the choicest situations in Huntingdon, for a
residence or for business, would do well to be
on hand at this sale. We are assured by the
attorneys that there will be sold a full and
Ma. J. C. BLAIR, of Huntingdon, has
imported directly from the manufacturers, in
England, a large quantity of the Falcon Steel
Pens, which are the best steel pens that we
have ever used. This enterprise of Mr. Blair
deserves the warmest commendation, and we
hope that his enterprise will be fully appre
New PUBLICATION.-Dr. ilitcheock's
new and complete Analysis of the Holy Bible.
Published by A. J. Johnson. This interesting
volume makes the Bible its own interpreter,
giving the scripture that treats directly on
each subject arranged under an appropriate
title, being thoroughly indexed, you can as
readily find all the Bible says upon each sub
ject as you could find a single text in our com
As an index to whatever the Bible contains
or teaches on any subject, it is invaluable.
Each chapter or section being a distinct and
separate subject. It cannot fail of creating an
interest in Bible reading in every family that
is fortunate enough to obtain a copy. To the
minister it will often throw more light upon
his chosen topic than a whole days' search
could secure. It has also Cruden's complete
concordance pronouncing and interpreting
dictionaries, a dictionary of Religious denomi
nations, a history of-the Bible, family record,.
maps, engraving, etc., making it a treasure of
inestimable value. We append the following
Rev. M. W. Jacobus, D. D. Professors of
Biblical Literature and Theology, Allegheny
City, Pa., says Talbot's Analysis was good,
West made it better and Dr. Hitchcock, in this
fine volume has made it best. Nothing in this
way is left to be desired. It will be a treasure
to any household.
From Rev. Geo. F. Wisnell, D. D., Pastor of
Green Hill Presbyterian Church, Philadelphia,
Pa.: "Any book that fadilitates and incites to
the study and critical knowledge of the Holy
Scriptures is a positive good in the world.—
Hitchcock's Analysis is such a book. I shall
count it a good work if in any way I can pro
mote the circulation of such a valuable book
among the families of our land."
Rev. Geo. D. Boarmau, D. D., Pastor of
First Baptist Church, Philadelphia, says in his
concluding remarks "I counsel every one,
who wishes to use the Bible most advantage
ously, to purchase this volume."
Rev. C. F. Shafer, Evangelical Lutheran,
Philadelphia ' says : "The interest of our holy
religion will be greatly promoted by au exten
sive circulation of this precious book."
Having examined, with some care, Prof.
Hitchcock's Analysis of the Bible, I have no
hesitation in recommending it as a valuable
aid to the study of the Sacred Scriptures.—
Those who purchase and peruse it will, I think,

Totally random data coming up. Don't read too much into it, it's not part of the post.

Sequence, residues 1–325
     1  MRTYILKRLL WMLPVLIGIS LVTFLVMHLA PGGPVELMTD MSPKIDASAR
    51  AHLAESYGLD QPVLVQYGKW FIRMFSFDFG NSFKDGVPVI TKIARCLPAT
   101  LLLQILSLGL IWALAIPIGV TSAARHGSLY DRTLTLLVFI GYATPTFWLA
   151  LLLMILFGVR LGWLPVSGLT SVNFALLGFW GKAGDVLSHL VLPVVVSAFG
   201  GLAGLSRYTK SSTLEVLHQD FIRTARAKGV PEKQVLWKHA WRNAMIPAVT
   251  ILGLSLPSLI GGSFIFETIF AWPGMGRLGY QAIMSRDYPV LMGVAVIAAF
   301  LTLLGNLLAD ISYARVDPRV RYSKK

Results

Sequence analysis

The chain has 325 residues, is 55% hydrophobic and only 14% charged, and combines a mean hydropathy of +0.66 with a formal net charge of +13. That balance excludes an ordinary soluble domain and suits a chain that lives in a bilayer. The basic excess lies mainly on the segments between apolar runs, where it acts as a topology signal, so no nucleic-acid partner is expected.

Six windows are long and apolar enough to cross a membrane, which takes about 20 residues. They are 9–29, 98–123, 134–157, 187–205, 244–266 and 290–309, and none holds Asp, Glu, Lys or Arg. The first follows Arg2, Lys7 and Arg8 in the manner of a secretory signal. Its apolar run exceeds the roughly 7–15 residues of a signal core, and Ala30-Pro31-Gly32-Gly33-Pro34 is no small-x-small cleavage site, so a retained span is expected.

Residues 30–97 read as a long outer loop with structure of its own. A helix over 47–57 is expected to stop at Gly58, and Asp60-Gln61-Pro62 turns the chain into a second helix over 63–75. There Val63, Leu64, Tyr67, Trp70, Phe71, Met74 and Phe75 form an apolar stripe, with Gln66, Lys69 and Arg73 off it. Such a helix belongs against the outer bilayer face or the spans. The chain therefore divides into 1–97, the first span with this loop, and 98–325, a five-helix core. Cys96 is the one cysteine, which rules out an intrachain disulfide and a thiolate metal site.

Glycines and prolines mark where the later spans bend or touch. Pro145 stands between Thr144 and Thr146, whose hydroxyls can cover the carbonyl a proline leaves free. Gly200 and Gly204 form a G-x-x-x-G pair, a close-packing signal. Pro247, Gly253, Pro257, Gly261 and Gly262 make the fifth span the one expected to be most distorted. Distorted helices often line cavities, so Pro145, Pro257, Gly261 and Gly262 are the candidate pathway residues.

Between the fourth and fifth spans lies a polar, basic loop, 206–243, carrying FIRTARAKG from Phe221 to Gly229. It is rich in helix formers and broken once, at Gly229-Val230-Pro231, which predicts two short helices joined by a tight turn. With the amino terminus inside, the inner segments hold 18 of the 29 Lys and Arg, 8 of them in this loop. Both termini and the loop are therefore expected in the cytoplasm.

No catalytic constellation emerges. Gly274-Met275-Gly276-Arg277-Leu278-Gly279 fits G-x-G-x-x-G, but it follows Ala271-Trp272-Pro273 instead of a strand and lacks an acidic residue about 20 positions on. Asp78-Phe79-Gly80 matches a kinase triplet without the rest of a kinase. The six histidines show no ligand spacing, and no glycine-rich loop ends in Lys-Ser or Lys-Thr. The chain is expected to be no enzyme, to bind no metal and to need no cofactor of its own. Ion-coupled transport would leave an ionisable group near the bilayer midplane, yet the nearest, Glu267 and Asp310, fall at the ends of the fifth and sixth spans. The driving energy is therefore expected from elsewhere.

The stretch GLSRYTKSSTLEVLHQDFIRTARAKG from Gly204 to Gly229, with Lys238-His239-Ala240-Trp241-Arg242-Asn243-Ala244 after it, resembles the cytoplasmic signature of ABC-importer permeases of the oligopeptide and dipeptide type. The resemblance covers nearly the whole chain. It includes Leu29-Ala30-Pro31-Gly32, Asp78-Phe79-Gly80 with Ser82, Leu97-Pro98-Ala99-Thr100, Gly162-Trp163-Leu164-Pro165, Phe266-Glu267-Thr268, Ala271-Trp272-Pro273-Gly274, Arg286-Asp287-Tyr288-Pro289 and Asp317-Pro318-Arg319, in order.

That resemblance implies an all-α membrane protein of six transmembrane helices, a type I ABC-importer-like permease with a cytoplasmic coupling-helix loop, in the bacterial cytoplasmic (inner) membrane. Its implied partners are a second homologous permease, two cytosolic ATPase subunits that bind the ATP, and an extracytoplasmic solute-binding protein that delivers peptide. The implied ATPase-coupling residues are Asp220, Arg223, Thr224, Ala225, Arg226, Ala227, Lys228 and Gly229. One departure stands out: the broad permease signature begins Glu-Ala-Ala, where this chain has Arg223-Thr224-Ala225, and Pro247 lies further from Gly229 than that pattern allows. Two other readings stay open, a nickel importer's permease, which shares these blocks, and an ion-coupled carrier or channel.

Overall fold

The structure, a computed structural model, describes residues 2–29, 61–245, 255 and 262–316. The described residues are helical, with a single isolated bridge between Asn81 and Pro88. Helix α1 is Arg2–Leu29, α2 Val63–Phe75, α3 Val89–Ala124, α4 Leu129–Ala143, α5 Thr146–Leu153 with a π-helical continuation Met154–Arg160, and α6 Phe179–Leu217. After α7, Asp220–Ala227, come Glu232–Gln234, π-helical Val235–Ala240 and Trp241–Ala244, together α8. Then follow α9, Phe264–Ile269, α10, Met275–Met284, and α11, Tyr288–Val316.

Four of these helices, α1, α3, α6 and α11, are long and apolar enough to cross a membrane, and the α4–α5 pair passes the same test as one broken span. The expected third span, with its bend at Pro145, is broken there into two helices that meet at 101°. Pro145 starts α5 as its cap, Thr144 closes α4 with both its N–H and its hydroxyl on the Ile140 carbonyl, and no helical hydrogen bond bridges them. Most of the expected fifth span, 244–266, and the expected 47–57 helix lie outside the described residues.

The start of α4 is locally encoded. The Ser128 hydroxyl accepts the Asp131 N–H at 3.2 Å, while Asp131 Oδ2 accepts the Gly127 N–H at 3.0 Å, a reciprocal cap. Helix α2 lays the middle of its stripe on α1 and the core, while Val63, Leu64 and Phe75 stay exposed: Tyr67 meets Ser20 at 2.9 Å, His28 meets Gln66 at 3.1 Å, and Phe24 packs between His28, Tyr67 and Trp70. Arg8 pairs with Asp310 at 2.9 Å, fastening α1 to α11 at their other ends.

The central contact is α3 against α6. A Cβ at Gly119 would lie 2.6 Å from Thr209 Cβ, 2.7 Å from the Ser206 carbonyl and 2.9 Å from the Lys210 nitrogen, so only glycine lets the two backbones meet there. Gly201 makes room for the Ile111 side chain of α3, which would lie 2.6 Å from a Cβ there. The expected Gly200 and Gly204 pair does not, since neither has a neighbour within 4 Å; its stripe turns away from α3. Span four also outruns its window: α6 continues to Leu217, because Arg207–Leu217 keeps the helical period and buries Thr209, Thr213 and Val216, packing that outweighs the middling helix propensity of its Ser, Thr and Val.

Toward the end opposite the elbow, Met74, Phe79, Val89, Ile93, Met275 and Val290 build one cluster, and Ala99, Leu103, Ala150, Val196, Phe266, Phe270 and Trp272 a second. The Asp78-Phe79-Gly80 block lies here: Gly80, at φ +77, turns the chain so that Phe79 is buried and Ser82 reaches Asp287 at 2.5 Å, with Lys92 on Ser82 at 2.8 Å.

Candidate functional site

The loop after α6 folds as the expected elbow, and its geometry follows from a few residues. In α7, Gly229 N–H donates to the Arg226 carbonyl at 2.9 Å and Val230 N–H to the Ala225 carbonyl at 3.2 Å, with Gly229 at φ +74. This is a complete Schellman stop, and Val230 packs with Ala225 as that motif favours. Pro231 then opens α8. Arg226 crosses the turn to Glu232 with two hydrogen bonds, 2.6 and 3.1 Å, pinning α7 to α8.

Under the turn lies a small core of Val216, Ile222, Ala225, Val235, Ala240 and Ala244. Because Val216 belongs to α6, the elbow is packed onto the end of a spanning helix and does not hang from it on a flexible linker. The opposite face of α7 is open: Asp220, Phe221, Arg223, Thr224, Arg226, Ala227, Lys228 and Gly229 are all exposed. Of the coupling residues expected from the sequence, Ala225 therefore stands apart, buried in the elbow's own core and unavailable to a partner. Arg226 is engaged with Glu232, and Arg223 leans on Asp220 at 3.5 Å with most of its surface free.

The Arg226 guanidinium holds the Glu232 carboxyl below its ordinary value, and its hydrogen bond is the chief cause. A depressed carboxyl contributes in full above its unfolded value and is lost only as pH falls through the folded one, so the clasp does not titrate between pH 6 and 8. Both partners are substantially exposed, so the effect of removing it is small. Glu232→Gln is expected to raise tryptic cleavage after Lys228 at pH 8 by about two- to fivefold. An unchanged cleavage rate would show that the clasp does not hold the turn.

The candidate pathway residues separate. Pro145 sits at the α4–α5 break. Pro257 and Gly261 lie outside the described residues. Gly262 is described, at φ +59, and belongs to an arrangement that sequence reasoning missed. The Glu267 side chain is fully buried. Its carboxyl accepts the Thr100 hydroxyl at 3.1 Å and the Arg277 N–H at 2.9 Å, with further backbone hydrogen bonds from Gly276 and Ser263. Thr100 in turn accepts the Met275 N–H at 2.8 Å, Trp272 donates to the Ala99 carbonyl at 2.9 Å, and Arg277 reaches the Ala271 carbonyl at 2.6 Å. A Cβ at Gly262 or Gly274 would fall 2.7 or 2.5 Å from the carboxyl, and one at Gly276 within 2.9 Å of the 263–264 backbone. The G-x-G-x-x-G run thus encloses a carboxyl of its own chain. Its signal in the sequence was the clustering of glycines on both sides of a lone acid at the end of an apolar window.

never regret the money and time thus expend
ed. G. W. ZAHNISER,
Pastor Presbyterian Church,
July 31, 1871.
The above recommendation of Hitchcock's
Analysis of the Bible I heartily endorse, and
am free to say that the expense incurred by
the purchase will never be regretted.
L. D. HTECRLE,
Pastor of Reformed Lutheran Church,
To all who wish, with the least labor and
with the greatest possible dispatch, to know
all the scriptures say on any subject treated
by them, I recommend Hitchcock's Analysis
of the Bible as pre-eminently the book they
B. B. HAMUV,
Presiding Elder M. E. Church, Juniata Dis
trict, Central Penna. Conference.
I have examined Hitchcocks' Analysis of the
Bible and can heartily recommend it
worlCand an efficientaidli the sys.
tematic study of the Scripture.
M. FOSTER ,
Pastor of M. E. Church, Huntingdon, Pa.
I fully concur in the above recommendation ,
J. W. PLANNETT
Pastor Baptist Church, Huntingdon, Pa.
Having examined the work entitlea Hitch
cock's Analysis of the Bible, presented by E.
V. Smith, I am free to pronounce it a rare
christian gem, and do most heartily recom
mend it to all who would learn more perfectly
the way of life. J. J. KERR,
Pastor of Lutheran Church, Huntingdon, Pa.
COAL! COAL!! COAL!!!
Robt. 11. Jacob, having just received a large
stock of the best Wilksbarre and Sunbury
coal, is prepared to deliver the same to his
customers and the public generally, at the
very lowest market prices. See him and hear
He is also constantly receiving Broad Top
coal from the celebrated Barnet mine—which
he is selling at low figures. Office 105, Fourth
Just received, at McKeirnan's, the finest lot
of fine cut, segars, etc., Over brought to Hun
Everybody buys tobacco, sugars, etc., etc.,
at McKeirnan's, because they get the best ar.
To be convinced that McKeirnan keeps the
finest brands of tobacco, segars, etc., go and
see him. Dy.26.2w
WANTED.-10,000 Ms Tub Washed Wool
1,000 cords Bark, by lIICNRY & CO.
May 9th, 1871-3 m.
Window Glass and Putty at Patton's.
March 22, tf.
ANY person desiring an Estey & Co's.,
Cottage Organ, at any price ranging from $l4O
to $l5O can be supplied by applying to this
office. Terms: One-half cash, and the remain
der in six months in bankable paper. Organ
warranted. A good chance fcr a church or
Something new in the segar business—At
103 Fourth street. Call and see. Dy26.2w
HUNTINGDON AND RROAD TOP RAIL
ROAD—Report of Coal Shipped: TONS.
For the week ending July 29, 1871 5,384
Same date last year 7,452
Increase for week
Decrease for week
Shipped for the year 1871
Same date last year
Increase for year 1871
To NEBRASKA, CALIFORNIA, AND